Well it’s not as if I don’t already have a decent selection of BB and Pellet guns but the history geek in me had to pick one of these up when Pyramyd Air had a sale and I had a bit of extra coin.
A full metal construction, full auto replica firearm with bolt blow back, the 30-bb magazine is powered by 2 regular CO2 cartridges. On full-auto, the blow back uses a lot of air, but I was getting two full magazines at good strength per 2 CO2. Not incredibly accurate (it’s a BB gun with a smooth bore barrel) the MP40 is really made for fun. You want a .22 or .25 caliber pellet pistol for varmint control or tack-driving. This thing shreds paper targets, makes tin cans dance, and perforates soda cans. You can read the specs and specifics at the PA site or check out some of the YouTube video reviews for more info. ( I like ReplicaAirGuns in Canada)
It’s not a target gun but it’s a great conversation piece and the perfect shooter for a warm afternoon of plinking with friends.
Umarex Legends series Broom handle Mauser full-auto BB pistol is a flat out blast.
There I was on the internet one evening, minding my own business, when BLAM in bursts a Pyramyd Air email with a discount code and free shipping. Frugal shopper that I am, I click over to their site and pick up this Wishlist item. A rather esoteric piece of firearm history, plus full-metal construction, blowback action, and full-auto capability made it a deal I couldn’t refuse.
Its arrival was the occasion to build a BB trap for indoor plinking in the basement. Both the pistol and the trap worked perfectly. In fact, I laughed out loud the first time I ripped off a clip of BBs at full auto.
So should you get one? Well here are the PROS
1. Rugged, full metal construction.
Only the faux wood handles are plastic, solid plastic at that. Otherwise, it’s all metal and heavy enough to stun a horse.
2. Full-Auto and Blowback Action.
Sure you can shoot semi-auto but why? Once you flip the selector switch to full-auto, you won’t go back.
3. Conversation piece. Here’s the Wiki Link to the C96 for you history buffs. But if Winston Churchill and Han Solo had one, what can be wrong?
Here are the CONS
1. It ain’t cheap.
It’s not a $39.99 Crosman. (not that there’s anything wrong with Crosman or having a budget) Just be prepared to spend $150 for a pistol plus CO2 and steel BBS.
2. It’s Heavy
See No. 1 above. I recommend two hands to maximize control, especially on full-auto.
3. Pisses through CO2
See No. 2 Above. The blowback action uses CO2 to propel the BB as well as move the action. On Full Auto, you’ll only get three mags per air cartridge. The combination BB mag/CO2 holder means you can’t have preloaded mags on standby. If efficiency is your thing, get a Walther CP88 or a Webley Alecto. I own both and they are excellent pistols. This is a different animal. Which brings me to my next point.
4. It ain’t accurate.
BB guns generally have a tube barrel, no rifling. Which means no spin. Which means less accuracy. This is a plinker. (a BB hose, actually) If you want an air pistol for target shooting or varmint control, try a Crosman 2300S (yes, I have one. Custom-build)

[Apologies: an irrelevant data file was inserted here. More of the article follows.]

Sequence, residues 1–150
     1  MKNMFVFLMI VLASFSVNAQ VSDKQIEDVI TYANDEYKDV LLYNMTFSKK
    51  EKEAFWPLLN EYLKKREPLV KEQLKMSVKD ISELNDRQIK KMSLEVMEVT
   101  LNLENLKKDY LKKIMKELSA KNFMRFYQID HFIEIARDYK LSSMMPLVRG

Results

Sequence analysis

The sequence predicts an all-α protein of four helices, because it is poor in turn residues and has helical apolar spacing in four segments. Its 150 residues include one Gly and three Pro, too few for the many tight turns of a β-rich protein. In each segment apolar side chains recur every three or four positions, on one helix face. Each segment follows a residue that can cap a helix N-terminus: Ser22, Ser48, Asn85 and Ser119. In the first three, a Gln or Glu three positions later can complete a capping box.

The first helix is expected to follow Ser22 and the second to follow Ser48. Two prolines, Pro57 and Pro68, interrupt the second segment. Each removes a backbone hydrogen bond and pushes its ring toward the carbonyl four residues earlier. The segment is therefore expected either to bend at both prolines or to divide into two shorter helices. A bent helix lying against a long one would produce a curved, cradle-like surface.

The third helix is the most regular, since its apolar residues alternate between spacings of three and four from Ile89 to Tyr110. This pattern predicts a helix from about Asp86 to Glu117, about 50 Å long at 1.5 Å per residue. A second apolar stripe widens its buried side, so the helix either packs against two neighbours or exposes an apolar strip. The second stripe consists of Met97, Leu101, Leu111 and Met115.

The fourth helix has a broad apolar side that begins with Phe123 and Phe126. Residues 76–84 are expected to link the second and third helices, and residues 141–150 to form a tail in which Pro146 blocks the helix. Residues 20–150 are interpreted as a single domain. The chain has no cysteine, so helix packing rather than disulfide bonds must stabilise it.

or get a good pellet rifle. This is a good one.
If hanging out with your buddies and plinking cans and shredding paper targets sounds like fun, this is for you. Add steel BBs, a big box of CO2, and you’re good to go. Rugged, interesting, fun, this is a worthy addition to your air gun collection. Just be sure to stock up on CO2 and BBs – you’ll be going through them like crazy.
If you’re in a more serious mood or you need to take out the crows/squirrels/groundhogs molesting your garden, grab the Bone Collector or something like this Benjamin. They won’t disappoint.
If you’re into backyard plinking, you need one of these.
I’m firmly in the ‘recreational shooter’ category. I’m not one of those Doomsday Preppers burying an AK, 1,000 rounds and tinned peaches in my back yard against the Coming Crisis, or sporting a Desert Eagle in a shoulder rig under my leather jacket hoping someone tries to mug me. I want to spend a sunny afternoon with friends knocking down tin cans and perforating paper without my wallet screaming in protest over a couple hundred rounds.
So when the local public range closed due to complaints and insurance difficulties, and firearm ammo became scarce and/or overpriced, I returned to my first love: pellet guns.
Single shot 22 caliber, break-barrel, spring-action carbine, the Hatsan SuperTact is a ton of fun. Search the interwebs, you find mixed reviews. “Heavy, wobbly, cheaply made, inaccurate…” Mine is excellent. Factory have a good run that day? Work out the bugs? Who knows?
I picked mine up from PyramydAir during a “xx% off PLUS free shipping” sale and I’m glad I did. Seeing how much money I would save with the discount, I geeked the Hatsan out with the air-gun equivalent of a muzzle brake and a decent scope. Whole package came in $232, which included a 500 count tin of Crosman Premier .22 Cal, 14.3 Grains, Hollowpoint pellets. Shoot all day long and bring a friend.
Yes, it’s heavy. Yes, it takes strength to cock. Yes, you need the stock/carbine configuration. But by God does it slam ’em downrange; at 450 f/s, it shreds pineapple cans. Add the scope, and I bet you’ll drive tacks with it. And if you need to de-varmint your yard, this is a great, inexpensive alternative to a full-size pellet rifle like a Diana or Gamo.
So far, it’s been solid and reliable, and everyone who shoots it, instantly wants one. Overall, I’d say this is an excellent value for the money and a perfect way to spend an afternoon with friends without breaking the bank.
Just check your local laws and ordinances before ordering, and always follow proper gun safety rules. Be safe. Be smart. Have fun.
UP NEXT: The full H+ Transhuman Coalition Crew for Pulp Alley.